“I said put your foot on the gas and let’s go get ‘em. It wasn’t about gambling. We just thought this was our opportunity and this was our time. That was our mantra the whole tournament. It doesn’t mean you’re not patient or you’re not diligent, but let’s let it go. To me, being cautious never got me anywhere. I don’t think that the people who are pushing it every day as the best of the best are going about it with caution. I think the first two shifts were fairly even, and from that point on we took over and won the game.”
In retrospect, no Canadian would have wanted the game to end after regulation and the score 2-1 when they could have had a Crosby golden goal as an alternate ending. Not so for Babcock and the team.
“I think for the people involved, it wouldn’t have mattered how it went. It was the process. Your Olympic dream, your Olympic opportunity, has to do with getting to camp, with representing your country, getting better as a team every day. In the end, Sid is one of those guys who was able to deliver, but there were lots of guys who were able to deliver under the scrutiny and under the pressure in Canada.”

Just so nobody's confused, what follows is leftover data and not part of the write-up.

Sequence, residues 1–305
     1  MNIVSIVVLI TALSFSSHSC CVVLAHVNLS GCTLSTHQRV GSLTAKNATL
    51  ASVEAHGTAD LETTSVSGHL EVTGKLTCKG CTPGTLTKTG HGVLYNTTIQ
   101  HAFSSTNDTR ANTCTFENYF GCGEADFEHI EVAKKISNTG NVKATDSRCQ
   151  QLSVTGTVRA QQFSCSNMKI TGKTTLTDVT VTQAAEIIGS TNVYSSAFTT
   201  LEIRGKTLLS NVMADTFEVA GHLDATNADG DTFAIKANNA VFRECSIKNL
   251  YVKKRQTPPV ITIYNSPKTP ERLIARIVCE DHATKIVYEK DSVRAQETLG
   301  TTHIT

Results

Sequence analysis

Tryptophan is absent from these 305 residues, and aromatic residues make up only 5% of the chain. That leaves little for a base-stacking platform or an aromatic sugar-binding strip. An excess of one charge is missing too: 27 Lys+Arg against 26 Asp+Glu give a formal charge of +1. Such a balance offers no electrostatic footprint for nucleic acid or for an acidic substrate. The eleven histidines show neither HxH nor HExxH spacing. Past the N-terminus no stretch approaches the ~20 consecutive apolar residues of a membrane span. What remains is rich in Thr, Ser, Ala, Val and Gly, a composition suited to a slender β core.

Babcock expanded. “The thing for me is that being an Olympian is beyond special. Even people who aren’t sports fans, like my wife, watch the Olympics. You’ll see this summer for two weeks [during the London Olympics] people will catch themselves watching fencing – and they don’t even know what fencing is. It’s an Olympic sport. And so, to share that with your country, and to do it in hockey, which is the pulse of Canada, made it spectacular. But I don’t know that winning in overtime made it any more special for us. We just wanted to win.”